‘It was not chest pain really, I can't explain it!’ An exploratory study on the nature of symptoms experienced by women during their myocardial infarction
Version of Record online: 19 JUN 2007
Journal of Clinical Nursing
Volume 16, Issue 7, pages 1292–1301, July 2007
How to Cite
Albarran, J. W., Clarke, B. A. and Crawford, J. (2007), ‘It was not chest pain really, I can't explain it!’ An exploratory study on the nature of symptoms experienced by women during their myocardial infarction. Journal of Clinical Nursing, 16: 1292–1301. doi: 10.1111/j.1365-2702.2007.01777.x
- Issue online: 19 JUN 2007
- Version of Record online: 19 JUN 2007
- Submitted for publication: 9 March 2006 Accepted for publication: 23 June 2006
- cardiac symptoms;
- chest pain;
- coronary heart disease;
- myocardial infarction;
Aims and objectives. This study sought to explore the presenting nature of cardiac symptoms as experienced by women diagnosed with a myocardial infarction. The objectives were to use the participants’ own words to gain a detailed understanding of how they perceived their evolving symptoms.
Background. Women with coronary heart disease tend to delay seeking help despite experiencing symptoms. The classic hallmarks used to diagnose a myocardial infarction have been based on research primarily involving white middle-aged men with a focus on specific descriptions of chest pain. Whether these hallmarks apply to women in the same way as they apply to men is an area of increasing contention.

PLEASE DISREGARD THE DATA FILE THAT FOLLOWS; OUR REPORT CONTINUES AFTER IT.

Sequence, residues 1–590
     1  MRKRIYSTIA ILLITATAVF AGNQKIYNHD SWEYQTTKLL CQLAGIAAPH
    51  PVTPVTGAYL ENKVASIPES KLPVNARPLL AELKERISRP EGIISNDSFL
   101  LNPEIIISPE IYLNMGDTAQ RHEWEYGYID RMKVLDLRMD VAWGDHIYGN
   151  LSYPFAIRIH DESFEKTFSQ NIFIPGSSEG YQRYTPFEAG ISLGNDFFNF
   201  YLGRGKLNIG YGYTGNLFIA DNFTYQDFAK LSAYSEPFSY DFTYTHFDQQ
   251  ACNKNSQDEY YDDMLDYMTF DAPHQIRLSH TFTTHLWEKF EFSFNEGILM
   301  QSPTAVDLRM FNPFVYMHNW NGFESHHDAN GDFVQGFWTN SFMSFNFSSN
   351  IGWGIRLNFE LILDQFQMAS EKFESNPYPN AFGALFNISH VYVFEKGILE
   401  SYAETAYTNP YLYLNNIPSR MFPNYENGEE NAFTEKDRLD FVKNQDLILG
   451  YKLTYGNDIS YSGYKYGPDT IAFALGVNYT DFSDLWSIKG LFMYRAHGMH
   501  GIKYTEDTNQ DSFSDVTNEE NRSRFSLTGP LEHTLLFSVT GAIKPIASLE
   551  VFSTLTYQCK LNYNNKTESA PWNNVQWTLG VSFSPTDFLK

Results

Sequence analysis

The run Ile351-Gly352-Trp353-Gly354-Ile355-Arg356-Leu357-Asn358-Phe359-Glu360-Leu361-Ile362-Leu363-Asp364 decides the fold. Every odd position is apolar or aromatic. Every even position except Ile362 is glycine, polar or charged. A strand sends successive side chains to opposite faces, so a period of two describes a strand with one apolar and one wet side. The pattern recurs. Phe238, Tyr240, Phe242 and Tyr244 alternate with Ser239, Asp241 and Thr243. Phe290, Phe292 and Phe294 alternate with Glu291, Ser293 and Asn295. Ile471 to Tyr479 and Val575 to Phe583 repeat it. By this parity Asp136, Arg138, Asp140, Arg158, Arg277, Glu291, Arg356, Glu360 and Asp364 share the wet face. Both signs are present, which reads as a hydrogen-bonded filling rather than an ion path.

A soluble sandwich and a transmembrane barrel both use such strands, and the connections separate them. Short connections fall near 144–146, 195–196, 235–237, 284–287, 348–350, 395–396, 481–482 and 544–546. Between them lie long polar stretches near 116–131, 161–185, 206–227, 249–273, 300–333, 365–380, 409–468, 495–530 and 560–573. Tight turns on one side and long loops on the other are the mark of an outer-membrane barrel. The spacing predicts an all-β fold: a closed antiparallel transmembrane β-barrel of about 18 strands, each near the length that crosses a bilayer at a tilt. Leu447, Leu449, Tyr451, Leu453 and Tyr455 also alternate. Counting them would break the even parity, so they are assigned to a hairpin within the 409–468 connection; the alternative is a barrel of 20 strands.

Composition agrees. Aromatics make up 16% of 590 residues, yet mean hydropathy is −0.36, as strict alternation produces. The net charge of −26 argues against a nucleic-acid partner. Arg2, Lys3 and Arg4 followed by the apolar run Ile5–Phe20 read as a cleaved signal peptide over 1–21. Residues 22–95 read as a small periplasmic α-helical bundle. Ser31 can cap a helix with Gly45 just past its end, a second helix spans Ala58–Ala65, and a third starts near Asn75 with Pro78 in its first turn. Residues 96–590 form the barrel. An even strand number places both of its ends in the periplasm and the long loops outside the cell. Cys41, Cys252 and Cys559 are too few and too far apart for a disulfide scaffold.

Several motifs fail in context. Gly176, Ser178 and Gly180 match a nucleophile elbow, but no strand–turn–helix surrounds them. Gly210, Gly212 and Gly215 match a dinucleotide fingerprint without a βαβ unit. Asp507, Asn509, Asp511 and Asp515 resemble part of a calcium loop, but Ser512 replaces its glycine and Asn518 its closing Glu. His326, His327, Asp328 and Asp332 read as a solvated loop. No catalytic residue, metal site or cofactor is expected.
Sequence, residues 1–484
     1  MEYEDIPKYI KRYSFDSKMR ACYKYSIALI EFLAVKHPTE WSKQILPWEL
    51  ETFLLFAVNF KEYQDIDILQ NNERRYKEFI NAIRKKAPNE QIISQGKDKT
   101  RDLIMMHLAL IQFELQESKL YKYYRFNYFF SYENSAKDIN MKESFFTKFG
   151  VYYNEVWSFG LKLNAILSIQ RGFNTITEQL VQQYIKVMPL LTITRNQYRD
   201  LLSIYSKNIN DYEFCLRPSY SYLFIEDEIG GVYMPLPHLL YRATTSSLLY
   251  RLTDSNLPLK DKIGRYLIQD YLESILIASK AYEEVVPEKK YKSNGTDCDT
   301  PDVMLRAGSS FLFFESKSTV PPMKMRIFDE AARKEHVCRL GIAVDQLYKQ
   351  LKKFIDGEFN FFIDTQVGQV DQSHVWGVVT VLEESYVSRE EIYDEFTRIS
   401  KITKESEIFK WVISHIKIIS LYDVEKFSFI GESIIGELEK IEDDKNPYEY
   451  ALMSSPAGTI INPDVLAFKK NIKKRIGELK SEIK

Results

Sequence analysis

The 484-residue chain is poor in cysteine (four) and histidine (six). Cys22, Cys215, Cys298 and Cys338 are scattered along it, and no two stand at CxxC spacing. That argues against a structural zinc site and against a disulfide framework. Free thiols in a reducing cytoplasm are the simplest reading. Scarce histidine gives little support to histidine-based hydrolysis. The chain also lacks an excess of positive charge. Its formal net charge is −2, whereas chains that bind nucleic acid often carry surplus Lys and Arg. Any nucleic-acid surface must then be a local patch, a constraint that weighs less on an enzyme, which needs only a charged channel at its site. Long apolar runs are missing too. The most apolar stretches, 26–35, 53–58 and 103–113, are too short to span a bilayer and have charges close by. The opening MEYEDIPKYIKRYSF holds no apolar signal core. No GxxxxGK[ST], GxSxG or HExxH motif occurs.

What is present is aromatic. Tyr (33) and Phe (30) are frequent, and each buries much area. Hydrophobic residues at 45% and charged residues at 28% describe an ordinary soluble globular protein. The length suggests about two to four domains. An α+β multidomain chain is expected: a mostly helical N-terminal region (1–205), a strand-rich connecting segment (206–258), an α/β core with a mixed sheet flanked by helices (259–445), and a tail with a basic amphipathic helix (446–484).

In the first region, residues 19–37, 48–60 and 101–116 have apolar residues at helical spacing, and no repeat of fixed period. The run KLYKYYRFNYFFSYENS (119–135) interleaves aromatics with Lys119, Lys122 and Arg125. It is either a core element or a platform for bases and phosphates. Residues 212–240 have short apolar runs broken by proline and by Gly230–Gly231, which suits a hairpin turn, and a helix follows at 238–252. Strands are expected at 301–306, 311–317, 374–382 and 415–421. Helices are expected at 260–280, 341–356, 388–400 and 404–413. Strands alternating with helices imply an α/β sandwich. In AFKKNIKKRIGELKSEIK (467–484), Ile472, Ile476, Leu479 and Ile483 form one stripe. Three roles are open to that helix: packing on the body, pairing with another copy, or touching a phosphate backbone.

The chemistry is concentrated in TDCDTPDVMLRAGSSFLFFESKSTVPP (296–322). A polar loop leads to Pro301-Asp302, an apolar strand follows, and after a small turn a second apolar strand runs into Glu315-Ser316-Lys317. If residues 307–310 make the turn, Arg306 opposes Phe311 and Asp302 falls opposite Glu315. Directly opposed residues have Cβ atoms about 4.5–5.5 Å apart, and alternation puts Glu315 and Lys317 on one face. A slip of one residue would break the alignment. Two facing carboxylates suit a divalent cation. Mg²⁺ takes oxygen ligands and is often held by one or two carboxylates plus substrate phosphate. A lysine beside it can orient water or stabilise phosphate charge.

Design. Using a purposive sample, a qualitative design was used to investigate the nature of cardiac symptoms experienced by women prior to and at the time of their myocardial infarction.
Method. Twelve women participated in semi-structured in-depth tape-recorded interviews conducted while they were in hospital.
Results. Three interlinking themes emerged, which reflect a changing dynamic status in health, mediated by the perceived threat of individual symptoms. These included gradual awareness, not having pain in the chest and reactions to symptoms.
Conclusions. It would appear that symptom presentation and distribution amongst women may not follow the pattern traditionally associated with current understanding of a ‘typical’ myocardial infarction. These differences together with perceptions about their cardiac symptoms may influence their health-seeking behaviours.
Relevance to clinical practice. Women with a myocardial infarction may present with non-specific chest symptoms, which are difficult to interpret or recognize by patients and health professionals alike. Skill in recording history and in performing a comprehensive assessment of initial and current symptoms will enable nurses to identify women with a differential diagnosis of chest pain readily. Additionally, to increase awareness of coronary heart disease, nurses must use any opportunity to educate women of all age groups.